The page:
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Cinema Spectacular
CD 1
Sir William WALTON (1902-1983)
Richard III
– Prelude [9:48]
Constant LAMBERT (1905-1951)
Anna Karenina
: Suite (Overture; Forlane; Love scene; Finale) [10:56]
Sir Arnold BAX (1883-1953)
Oliver Twist
: Two Lyrical Pieces: Fagin's romp; Finale [6:57]
Arthur BENJAMIN (1893-1960)
An Ideal Husband
– Waltz; Galop [6:23]
Sir William WALTON
Escape Me Never
Ralph VAUGHAN WILLIAMS (1872-1958)
49th Parallel
(from The Invaders) [3:22]
Sir Arthur BLISS (1891-1975)
Things to Come
: Suite: Prologue; March; Building of the New World; Attack on the Moon Gun; Epilogue [14:48]
CD 2 [68:27]
Bernard HERRMANN (1911-1975)
(A narrative for orchestra) [14:29]
Marnie [10:06]
North by Northwest [3:04]
Vertigo [10:31]
A portrait of 'Hitch' (from The Trouble with Harry) [8:16]
Dimitri SHOSTAKOVICH (1906-1975)
(selection): Introduction; Ball at the palace; The ghost; Scene of the poisoning; The arrival and scene of the players; The duel and death of Hamlet [21:10]
London Philharmonic Orchestra (Herrmann) National Philharmonic Orchestra (others)/Bernard Herrmann
rec. Decca Studios, West Hampstead, London, December 1968 (Herrmann); March 1974 (Shostakovich, Richard II); Kingsway Hall, London, November 1975 (Bax, Benjamin, Lambert, RVW, Bliss, Walton). ADD
DECCA ELOQUENCE 480 3787 [56:05 + 68:27]

Experience Classicsonline

This is one of three Eloquence Herrmann/Rozsa film music discs issued last November 2010. It’s soon to be joined by a revival of Herrmann’s sole commercial recording of Holst’s The Planets.

The first disc launches with a marginally too expansive Walton Richard III Prelude where Herrmann italicises every grunt and angle. It’s total immersion in the regal and the tragic. On occasions it’s more of a march than a Prelude even if it is a slow cortege. Even then it has a romantic trio. Towards the end at 6:40 the measured gait pays generous dividends in lyrical release. Four pieces from Lambert’s Anna Karenina are rife with Lambert hallmarks among the tumult of Odeon hyper-romance, Russian romance and sinister tragedy. Rather like his Coronation March (1953) the two pieces from Bax’s music for the David Lean film give us Bax’s heartsick public face – his heart was not in it but it does the commissioned job. Arthur Benjamin plays the Ravel-Strauss card with the Waltz and Galop from An Ideal Husband. It parallels Herrmann’s music for The Magnificent Ambersons and the more exuberant parts of Citizen Kane. The Walton music for Escape Me Never is strangely unWaltonian – more like Benjamin. The RVW music for the prelude to The 49th Parallel is wonderfully strung out and protracted. That treasure of a broad theme – taken very broadly indeed - yearns mightily at this glacially affecting pace. I am very happy to hear it at this tempo – it can take it. In fact the music laps it up. The fifteen minute and five movement suite from Bliss’s Things to Come is lavishly done with care for each intricate detail of the scoring as well as for the grand sweep. The grittily merciless and iron-shod March is taken broadly which is good for its nobilmente but a bit disorientating if you are used to swifter approaches (Bliss, Groves, Hickox). I think this must be the most extended version in the catalogue. Attack on the Moon Gun seems to have been written after hearing Beethoven’s Fifth. The epilogue is staid, its emotions stream by at an andante and its tread is grave, wondering, thoughtful and awed.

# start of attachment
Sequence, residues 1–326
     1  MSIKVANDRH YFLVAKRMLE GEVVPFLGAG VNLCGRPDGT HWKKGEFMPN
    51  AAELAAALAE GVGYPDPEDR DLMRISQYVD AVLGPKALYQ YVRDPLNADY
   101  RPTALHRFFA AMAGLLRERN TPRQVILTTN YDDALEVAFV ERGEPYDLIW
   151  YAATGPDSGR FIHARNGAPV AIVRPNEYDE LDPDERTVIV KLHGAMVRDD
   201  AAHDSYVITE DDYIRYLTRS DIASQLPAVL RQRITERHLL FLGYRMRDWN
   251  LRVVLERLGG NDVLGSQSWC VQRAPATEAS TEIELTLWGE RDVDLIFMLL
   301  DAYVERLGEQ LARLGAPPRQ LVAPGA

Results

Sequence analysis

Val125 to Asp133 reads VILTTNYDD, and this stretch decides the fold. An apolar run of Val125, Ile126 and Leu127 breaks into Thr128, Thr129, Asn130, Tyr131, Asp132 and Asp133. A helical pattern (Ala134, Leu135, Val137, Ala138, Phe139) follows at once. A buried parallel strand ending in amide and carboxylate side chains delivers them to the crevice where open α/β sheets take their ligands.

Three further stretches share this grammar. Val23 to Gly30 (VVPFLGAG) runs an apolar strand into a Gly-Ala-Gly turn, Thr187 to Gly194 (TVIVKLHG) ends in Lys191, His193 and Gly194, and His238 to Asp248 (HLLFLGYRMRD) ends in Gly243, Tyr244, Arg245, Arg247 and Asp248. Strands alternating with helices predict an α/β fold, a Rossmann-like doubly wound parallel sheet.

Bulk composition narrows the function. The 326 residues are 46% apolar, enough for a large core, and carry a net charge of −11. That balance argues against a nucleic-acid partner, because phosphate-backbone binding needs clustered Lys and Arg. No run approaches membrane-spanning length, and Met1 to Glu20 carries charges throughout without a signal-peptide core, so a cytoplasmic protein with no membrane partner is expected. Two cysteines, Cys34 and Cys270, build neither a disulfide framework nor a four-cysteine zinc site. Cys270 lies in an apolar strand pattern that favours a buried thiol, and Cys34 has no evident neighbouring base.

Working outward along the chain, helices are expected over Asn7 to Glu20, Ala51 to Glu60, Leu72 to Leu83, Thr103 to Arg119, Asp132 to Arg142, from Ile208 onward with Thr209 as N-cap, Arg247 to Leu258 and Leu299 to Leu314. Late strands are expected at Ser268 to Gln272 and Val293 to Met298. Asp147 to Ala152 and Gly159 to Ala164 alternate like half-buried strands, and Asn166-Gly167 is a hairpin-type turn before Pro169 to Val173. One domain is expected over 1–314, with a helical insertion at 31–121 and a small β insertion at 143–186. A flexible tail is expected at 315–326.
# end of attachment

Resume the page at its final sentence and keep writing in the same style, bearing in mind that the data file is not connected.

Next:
The second disc takes us first to Herrmann conducting Herrmann. There’s his most famous score – for Psycho. The strings have something of a manic glare – well suited to the mise-en-scène - but they still reap rewards. The Narrative is a nice compression of the plot. The Marnie music is amongst my favourites – with its uber-romance setting pushed to the extremes of despair and desire laced with mayhem. The North by Northwest piece has plenty of desperately dynamic movement across the stereo stage. Unicorn (KP9000) was soon to overtake that part of the original PFS LP with Laurie Johnson’s 40 minute recording with the London Studio Orchestra. You can now experience the sound of the original 1958 musical soundtrack in full – all 64:49 - on Sony 88697638422. In the tripartite Vertigo sequence the vortex of panic finally slackens its grip for another of those melancholy and hope-filled Scènes d’Amours. A Portrait of Hitch is touching and witty using music from the film The Trouble With Harry. After this comes six movements from Shostakovich’s music from the Soviet film of Hamlet. It is, aptly enough, laced with bleakness and doom, desperate playfulness somewhat in the manner of Prokofiev (Ball), raging brass-roared horror (The Ghost) and stridently portentous fanfares (Arrival of the players). The blistering cue for the Duel and death of Hamlet ends the suite and the disc.

The useful note is by Kenneth Chalmers.

An essential complement to the Herrmann Film Classics CD on Eloquence.

Rob Barnett




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